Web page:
All-party consensus on climate – what are the odds?

Earlier this evening representatives of all six major Irish political parties joined a panel discussion entitled ‘Three percent a year: How will Ireland cut emissions?’. The meeting, chaired by environmental broadcaster Duncan Stewart, was hosted by Cultivate in Dublin’s Temple Bar and organised by ‘People Against Climate Change.’

As the chairman set out vividly to the full house, while Ireland is on paper making all the right noises on emissions control, and is now mandated by the EU to achieve 20% emissions cuts by 2020, the reality is the exact opposite.

Our transport emissions continue to rise sharply and no sector of Irish society can be truly said to be on target for the kind of wide-ranging cuts that are most assuredly coming down the line.

To their credit, all six party reps duly showed up and each in turn gave a five-minute opening statement (of variable quality). What was a welcome change from the usual party antics was that almost all the representatives (with the exception of Labour’s Joanna Tuffy) steered clear of name-calling and political cheap shots for the evening.

Climate change political panel

The panel (above) was, l-r, Duncan Stewart, chairman, Simon Coveney, Fine Gael, Bairbre de Brun, Sinn Fein, Joanna Tuffy, Labour, Fiona O’Malley, PDs, Junior Minister Tony Killeen, Fianna Fail and Transport Minister Eamon Ryan, Greens. made a video recording of the meeting in its entirety and will be preparing and editing these tapes in the coming days, with a view to posting for the record exactly what our six political parties had to say on climate change, in their own words.

As the chairman reminded us repeatedly tonight, the ‘debate’ on climate change is well and truly over. Now we have to focus on the practical steps to place Ireland on the path to a much less carbon-intensive future.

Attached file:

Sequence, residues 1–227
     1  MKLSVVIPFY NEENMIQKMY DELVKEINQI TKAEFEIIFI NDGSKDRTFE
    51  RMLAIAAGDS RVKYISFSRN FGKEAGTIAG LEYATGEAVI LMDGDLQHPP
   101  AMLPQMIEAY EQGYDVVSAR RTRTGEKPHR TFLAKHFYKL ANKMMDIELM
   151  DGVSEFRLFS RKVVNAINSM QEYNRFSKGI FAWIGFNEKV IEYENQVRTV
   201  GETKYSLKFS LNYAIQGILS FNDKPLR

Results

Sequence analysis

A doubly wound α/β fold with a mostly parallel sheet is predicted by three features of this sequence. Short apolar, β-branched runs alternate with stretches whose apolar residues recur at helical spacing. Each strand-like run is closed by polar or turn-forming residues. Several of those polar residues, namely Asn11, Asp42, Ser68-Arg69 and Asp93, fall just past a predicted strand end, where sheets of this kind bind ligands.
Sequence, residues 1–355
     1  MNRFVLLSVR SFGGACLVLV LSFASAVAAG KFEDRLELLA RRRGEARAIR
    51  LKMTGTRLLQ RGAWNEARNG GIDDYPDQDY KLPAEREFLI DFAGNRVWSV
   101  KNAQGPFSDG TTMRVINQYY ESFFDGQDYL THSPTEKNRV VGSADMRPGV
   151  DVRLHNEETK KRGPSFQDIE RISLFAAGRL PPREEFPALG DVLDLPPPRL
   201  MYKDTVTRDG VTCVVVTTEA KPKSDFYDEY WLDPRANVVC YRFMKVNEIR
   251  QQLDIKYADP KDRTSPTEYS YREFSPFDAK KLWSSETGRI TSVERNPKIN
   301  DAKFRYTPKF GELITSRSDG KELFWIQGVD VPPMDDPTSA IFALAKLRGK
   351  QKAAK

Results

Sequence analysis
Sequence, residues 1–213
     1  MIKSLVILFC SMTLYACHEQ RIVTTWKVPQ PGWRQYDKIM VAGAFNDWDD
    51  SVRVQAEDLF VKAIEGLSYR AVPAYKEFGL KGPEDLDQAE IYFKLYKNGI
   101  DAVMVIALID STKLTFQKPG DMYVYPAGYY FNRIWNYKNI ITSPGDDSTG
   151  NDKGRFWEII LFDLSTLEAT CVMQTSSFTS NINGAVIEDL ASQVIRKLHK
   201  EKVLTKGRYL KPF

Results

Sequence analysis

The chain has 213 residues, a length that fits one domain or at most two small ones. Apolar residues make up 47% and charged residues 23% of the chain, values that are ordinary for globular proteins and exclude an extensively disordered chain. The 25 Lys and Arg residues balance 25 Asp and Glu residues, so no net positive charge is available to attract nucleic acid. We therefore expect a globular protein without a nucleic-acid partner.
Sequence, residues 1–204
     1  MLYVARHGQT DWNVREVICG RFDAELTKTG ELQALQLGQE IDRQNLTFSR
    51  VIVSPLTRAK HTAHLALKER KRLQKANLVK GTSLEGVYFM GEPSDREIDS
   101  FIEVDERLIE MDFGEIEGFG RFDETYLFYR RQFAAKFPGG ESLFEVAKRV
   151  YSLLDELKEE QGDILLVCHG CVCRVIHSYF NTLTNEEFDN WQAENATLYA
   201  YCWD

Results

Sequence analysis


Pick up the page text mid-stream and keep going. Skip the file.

Junior Minister Tony Killeen pointed out the very real dilemma all politicians face on this issue. Yes, they know how serious the crisis is, but the Irish public as a whole is still firmly in denial on this, and how political leadership can move a population to take difficult, unpopular steps when most of that population truly has little idea what all the fuss is about strikes to the heart of the challenge.

Having banged on many doorsteps in the run-up to last May’s general election in what is supposedly Ireland’s most liberal constituency, this correspondent can vouch at first hand for the fact that the public is simply not getting the message.

And, to borrow a line from Don McLean’s ‘Vincent’, “perhaps they never will…”.

To view video highlights of of this meeting, visit

ThinkOrSwim is a blog by journalist John Gibbons focusing on the inter-related crises involving climate change, sustainability, resource depletion, energy and biodiversity loss
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2 Responses to All-party consensus on climate – what are the odds?

  1. Jimbo says:

    Looking forward to seeing the video from the debate – any idea when this’ll be posted? We need more of this kind of stuff in the public domain in Ireland, lets put the heat on the parties, thats how you really get things moving

  2. Podge says:

    What a bunch of chancers, these guys can only see as far as the next local elections, never mind the general election. I watched the video clip of them speaking on the main site and, bar one, they came across like a bunch of spoofers and gobshites reading out what their press officer had thrown together for them in 5 minutes flat on the way to the ‘debate’. If you think politicians are the answer, look closely at this video and be afraid, very very afraid.

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